Best of Breed: The Gold Country Kennel Club Dog returns to western Nevada County
The newfoundlands strutted forward one by one. Their black fur glistened in the morning sun as they stood closely next to their owners. All eyes were trained on the judge in the middle of the group. As she raised her hands, the first pair in line took off in a run around the show ring.
The dogs were among the contestants of the 16th annual Gold Country Kennel Club Dog Show, which brought 1126 dogs of 173 different breeds to Nevada County Fairgrounds this weekend.
“The purpose of the show is to find the best dog to be used to breed for your next generation,” said Mary Lou Just, show chairwoman and a member of the Kennel Club.
The competition runs under the rules of American Kennel Club, a purebred registry founded in 1884. Dogs first competed against their own breeds. Winners will then move on to a second round of contests in which they were separated into seven categories: terrier, hound, herding, non-sporting, working, sporting, and toy.
The canines that took first place in each category would enter into the final round and vied for the “Best in Show” championship title.
Just said several types of contests took place during the show. Dogs that participated in the best of breed competitions were judged by the build of their structure. The obedience tournament tested the relationship between dogs and their owners, and how well the dogs respond to orders. Other competitions included the best owner-handler competition and the junior showmanship competition, which showcased the skill of owner-handlers and allowed young exhibitors to learn the ropes, respectively.
“She(the judge) is trying to get a picture of, kind of the outline, is the proportion correct? Is their head correct?,” said Just as a judge knelt down to observe a group of dogs lined up in front of her. “… depending on the breed, the written standard (of judging) could be very specific.”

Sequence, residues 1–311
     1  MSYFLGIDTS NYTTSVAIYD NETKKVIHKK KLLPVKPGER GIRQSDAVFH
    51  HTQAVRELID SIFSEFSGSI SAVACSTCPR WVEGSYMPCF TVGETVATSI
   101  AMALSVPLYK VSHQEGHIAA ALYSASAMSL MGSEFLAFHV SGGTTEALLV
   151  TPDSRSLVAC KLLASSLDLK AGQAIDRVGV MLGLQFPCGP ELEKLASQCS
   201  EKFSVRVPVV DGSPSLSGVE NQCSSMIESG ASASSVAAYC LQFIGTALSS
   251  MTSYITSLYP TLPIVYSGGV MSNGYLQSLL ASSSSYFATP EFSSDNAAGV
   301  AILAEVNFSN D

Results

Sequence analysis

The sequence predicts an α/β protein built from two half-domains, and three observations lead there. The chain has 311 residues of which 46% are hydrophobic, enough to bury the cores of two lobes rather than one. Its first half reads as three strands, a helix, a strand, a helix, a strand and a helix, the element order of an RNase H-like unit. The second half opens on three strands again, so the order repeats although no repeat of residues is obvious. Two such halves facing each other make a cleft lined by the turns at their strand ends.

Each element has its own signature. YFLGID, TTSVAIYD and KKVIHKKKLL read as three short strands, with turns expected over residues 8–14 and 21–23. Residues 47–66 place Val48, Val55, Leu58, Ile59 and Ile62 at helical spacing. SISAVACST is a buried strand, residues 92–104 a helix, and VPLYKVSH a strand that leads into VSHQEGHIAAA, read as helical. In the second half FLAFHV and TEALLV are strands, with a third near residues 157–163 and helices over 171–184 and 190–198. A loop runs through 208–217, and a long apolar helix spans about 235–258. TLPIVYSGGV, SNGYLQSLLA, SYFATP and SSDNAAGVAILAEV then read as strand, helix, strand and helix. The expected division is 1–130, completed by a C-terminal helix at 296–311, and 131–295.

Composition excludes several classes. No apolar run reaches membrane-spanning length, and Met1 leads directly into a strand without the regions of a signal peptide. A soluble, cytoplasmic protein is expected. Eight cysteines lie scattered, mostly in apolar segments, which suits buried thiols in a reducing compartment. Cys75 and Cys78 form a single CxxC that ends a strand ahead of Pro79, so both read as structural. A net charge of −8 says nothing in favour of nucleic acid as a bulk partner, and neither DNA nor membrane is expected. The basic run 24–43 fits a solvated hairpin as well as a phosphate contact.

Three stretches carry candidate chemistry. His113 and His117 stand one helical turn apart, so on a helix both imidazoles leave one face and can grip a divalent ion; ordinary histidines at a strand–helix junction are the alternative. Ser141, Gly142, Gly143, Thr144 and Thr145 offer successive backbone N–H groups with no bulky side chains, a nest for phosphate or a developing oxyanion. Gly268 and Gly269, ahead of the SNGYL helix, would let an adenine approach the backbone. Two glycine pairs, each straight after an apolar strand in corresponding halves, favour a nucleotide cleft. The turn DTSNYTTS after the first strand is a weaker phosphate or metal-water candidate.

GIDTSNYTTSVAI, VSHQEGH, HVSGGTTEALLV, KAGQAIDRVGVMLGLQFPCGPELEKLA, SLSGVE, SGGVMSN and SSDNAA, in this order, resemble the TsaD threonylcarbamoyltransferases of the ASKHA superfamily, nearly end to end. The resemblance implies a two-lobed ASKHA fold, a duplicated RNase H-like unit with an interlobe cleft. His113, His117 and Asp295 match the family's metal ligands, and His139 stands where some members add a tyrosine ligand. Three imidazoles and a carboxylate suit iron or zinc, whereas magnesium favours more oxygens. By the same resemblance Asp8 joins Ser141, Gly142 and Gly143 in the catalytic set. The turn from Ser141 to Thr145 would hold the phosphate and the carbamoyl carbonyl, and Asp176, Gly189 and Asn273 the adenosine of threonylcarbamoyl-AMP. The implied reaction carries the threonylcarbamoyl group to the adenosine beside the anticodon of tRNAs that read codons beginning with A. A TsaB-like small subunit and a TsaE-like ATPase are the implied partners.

The criteria for judging the dogs could be found on the American Kennel Club website, Just said.
Charles Teasley, president of the Gold Country Kennel Club, said dog lovers could learn a lot about their canine friends by joining the show.
“One, they can see 173 different breeds of dogs,” Teasley said. “Two, they can talk to people at the rings of the different dogs to make sure that it is the right breed for them.”
Patty Nicholas, who lives in Sacramento, traveled to Nevada County with her dog Kit. The three-year-old border collie won second place in an obedience competition against dogs in her class.
“It’s your relationship with your dog; your bond with your dog,” said Nicholas, who has participated in hundreds of dog shows. “It’s really fun to get to do something with your dog. That is what it is for me.”
But for Marjie Cherry, who came to the show with her dog, Brew, the competition was also a team-building experience.
“It’s a real exercise in working with a creature of another species together and being able to have that perfect teamwork together,” Cherry said. “It’s really a balance, it’s very rewarding in itself. It doesn’t really matter whether you win or you lose, it’s how well you can work together in the ring, and improving from things that have gone up before, that improvement is very important.”
To contact Staff Writer Teresa Yinmeng Liu, please email firstname.lastname@example.org, or call 530-477-4236.
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